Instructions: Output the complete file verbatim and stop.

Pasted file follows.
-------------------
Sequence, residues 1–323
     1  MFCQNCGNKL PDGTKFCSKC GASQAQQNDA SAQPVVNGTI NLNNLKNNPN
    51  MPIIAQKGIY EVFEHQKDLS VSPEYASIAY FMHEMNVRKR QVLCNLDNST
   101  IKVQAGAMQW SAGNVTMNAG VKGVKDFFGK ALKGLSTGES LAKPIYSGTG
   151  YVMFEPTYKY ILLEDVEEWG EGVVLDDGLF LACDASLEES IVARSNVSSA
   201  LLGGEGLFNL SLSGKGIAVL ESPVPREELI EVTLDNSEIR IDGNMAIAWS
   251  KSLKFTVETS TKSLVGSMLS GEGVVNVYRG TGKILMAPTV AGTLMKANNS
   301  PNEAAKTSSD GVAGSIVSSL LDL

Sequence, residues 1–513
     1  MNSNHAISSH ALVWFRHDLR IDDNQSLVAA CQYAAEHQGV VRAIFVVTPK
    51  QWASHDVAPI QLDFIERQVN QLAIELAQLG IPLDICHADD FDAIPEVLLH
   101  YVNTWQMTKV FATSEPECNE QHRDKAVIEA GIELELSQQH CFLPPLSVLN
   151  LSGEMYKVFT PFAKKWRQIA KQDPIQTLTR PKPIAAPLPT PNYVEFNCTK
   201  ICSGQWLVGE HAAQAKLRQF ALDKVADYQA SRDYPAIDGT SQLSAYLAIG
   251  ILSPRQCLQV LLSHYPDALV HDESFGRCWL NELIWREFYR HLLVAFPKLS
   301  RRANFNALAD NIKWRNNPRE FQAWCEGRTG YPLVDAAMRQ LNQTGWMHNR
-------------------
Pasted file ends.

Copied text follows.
Sequence, residues 1–323
     1  MFCQNCGNKL PDGTKFCSKC GASQAQQNDA SAQPVVNGTI NLNNLKNNPN
    51  MPIIAQKGIY EVFEHQKDLS VSPEYASIAY FMHEMNVRKR QVLCNLDNST
   101  IKVQAGAMQW SAGNVTMNAG VKGVKDFFGK ALKGLSTGES LAKPIYSGTG
   151  YVMFEPTYKY ILLEDVEEWG EGVVLDDGLF LACDASLEES IVARSNVSSA
   201  LLGGEGLFNL SLSGKGIAVL ESPVPREELI EVTLDNSEIR IDGNMAIAWS
   251  KSLKFTVETS TKSLVGSMLS GEGVVNVYRG TGKILMAPTV AGTLMKANNS
   301  PNEAAKTSSD GVAGSIVSSL LDL

Sequence, residues 1–513
     1  MNSNHAISSH ALVWFRHDLR IDDNQSLVAA CQYAAEHQGV VRAIFVVTPK
    51  QWASHDVAPI QLDFIERQVN QLAIELAQLG IPLDICHADD FDAIPEVLLH
   101  YVNTWQMTKV FATSEPECNE QHRDKAVIEA GIELELSQQH CFLPPLSVLN
   151  LSGEMYKVFT PFAKKWRQIA KQDPIQTLTR PKPIAAPLPT PNYVEFNCTK
   201  ICSGQWLVGE HAAQAKLRQF ALDKVADYQA SRDYPAIDGT SQLSAYLAIG
   251  ILSPRQCLQV LLSHYPDALV HDESFGRCWL NELIWREFYR HLLVAFPKLS
   301  RRANFNALAD NIKWRNNPRE FQAWCEGRTG YPLVDAAMRQ LNQTGWMHNR